Step 5: Style your Separators

It took a few iterations and a heavy use of the browser debugger to get all the different styles right. But for the sake of brevity (and your sanity), I’ll explain it all at once here.

First, use Notepad++ to open the stylesheet for the project:

  • “your-project-folder/Resources/Stylesheets/styles.css”

Copy and paste the new style class to the bottom of the style sheet. Here’s a breakdown of what the new style does:

  • Adds 8px of padding before the separator.
  • Makes the separator font bold and changes the font colour.
  • Upon mouse hover, changes the cursor to the default cursor (arrow) instead of a hand.
  • Changes the hover background so it’s the same colour as the original menu instead of changing colours when the cursor hovers over it (only necessary if your project uses this background hover element, which the template does).

The exact code added is:

/* Add an entry for "separators" in the TOC. To use this style, select the item
   in the Flare TOC and pick "TOCSeparator" as the TOC Entry style. Note along 
   with this change we needed to add the TOCSeparator entry to the Flare skin */

ul.navigation li.TOCSeparator
{
     padding-top: 8px;
}

ul.navigation li.TOCSeparator a
{
    font-weight: bold;
    color: #2a2a2a;
      /* Set the default cursor so it doesn't look like this is a link */
    cursor: default;
}

ul.navigation ul > li.TOCSeparator:hover
{
    background: #686868;
}

When you rebuild the project now and load it into a browser window, it should look like this:

When you hover the mouse cursor over Separator 1 or Separator 2 you get no background colour change, and the cursor remains an arrow. Compare this with hovering over Feature 1 or Feature 2.

I was so excited to get this right! I knew right then and there that my separators were here to stay.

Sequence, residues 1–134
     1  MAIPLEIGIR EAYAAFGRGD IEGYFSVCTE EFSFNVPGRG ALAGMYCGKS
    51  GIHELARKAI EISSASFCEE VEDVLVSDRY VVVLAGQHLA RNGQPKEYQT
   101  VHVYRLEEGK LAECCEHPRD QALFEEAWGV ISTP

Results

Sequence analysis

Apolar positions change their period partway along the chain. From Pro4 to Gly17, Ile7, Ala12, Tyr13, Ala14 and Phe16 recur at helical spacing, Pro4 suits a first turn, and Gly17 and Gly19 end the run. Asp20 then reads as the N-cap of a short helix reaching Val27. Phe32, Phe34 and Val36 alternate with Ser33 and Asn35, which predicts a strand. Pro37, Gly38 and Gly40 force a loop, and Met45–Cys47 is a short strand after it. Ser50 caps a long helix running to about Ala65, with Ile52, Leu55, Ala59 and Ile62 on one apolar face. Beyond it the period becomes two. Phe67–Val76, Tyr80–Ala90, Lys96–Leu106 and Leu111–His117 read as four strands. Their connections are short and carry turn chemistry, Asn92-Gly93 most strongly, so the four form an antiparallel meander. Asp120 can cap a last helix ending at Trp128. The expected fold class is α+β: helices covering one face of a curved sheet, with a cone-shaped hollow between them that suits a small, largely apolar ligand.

Step 6: Repeat for the side menus

The TopNav fixes are complete. But you’ll notice when you display a topic, the side menus are not displaying our separator styles.

Open your stylesheet in Notepad++ again to copy and paste in a few more lines. The breakdown of the new lines is:

  • Add spacing before the separator menu items.
  • Change the font weight and colour of the text (note the !important for these, I’ll get into that later).
  • Override the cursor and background colour on hover.

Here is the code for you to copy:

ul.menu li.TOCSeparator
{
    padding-top: 8px;
}

ul.menu li.TOCSeparator a
{
      /* Note that the next two items are being over-written by Flare classes. 
       Use important to right this. */
      /* This is the Flare class: ul.menu._Skins_SideMenu.mc-component li > a  */
    font-weight: bold !important;
    color: #2a2a2a !important;
     /* Set the default cursor so it doesn't look like this is a link */
    cursor: default;
}

ul.menu ul > li.TOCSeparator > a:hover
{
       /* Flare over-writes this class too, so need to make it important 
       to avoid hover decoration. */
    background: #525252 !important;
}

Once this change is saved, rebuild the target and open it in your web browser. You now have separators with some spacing, bold font, and darker colour than the rest of the side menu items.

Step 7: Tweak to perfection

The basics are working. The colours and spacing may not be to your liking, or may not match your project, but those things are easy to change by tweaking the CSS added to the stylesheet. Change it up, have fun with it.

Side note about !important

You probably noticed that some of the menu styles had to be marked !important in the .css file. Generally speaking, web developers don’t like using this declaration in their .css files. Unfortunately I didn’t have the time, nor do I have the expertise to avoid doing this. For now, I added lots of comments to inform future editors of my file why I made this decision.

If you have a suggestion for avoiding !important, I’d love to hear from you.

I hope this has been a helpful and informative explanation of my TopNav menu separators. If I’m inspired you to give it a try, leave a comment and share your project. I’d love to see how it turns out. Happy writing!

 

About The Author

Brigitte Gagne

About Brigitte Gagné

Brigitte Gagné is a high tech veteran who champions outstanding customer experience in everything she does. Currently writing and managing the communications team at Epiphan Video, Brigitte brought in MadCap Flare to multi-publish the Epiphan user guides. She loves technical challenges and believes firmly in sharing good ideas to build community knowledge.

Last Modified: September 28, 2017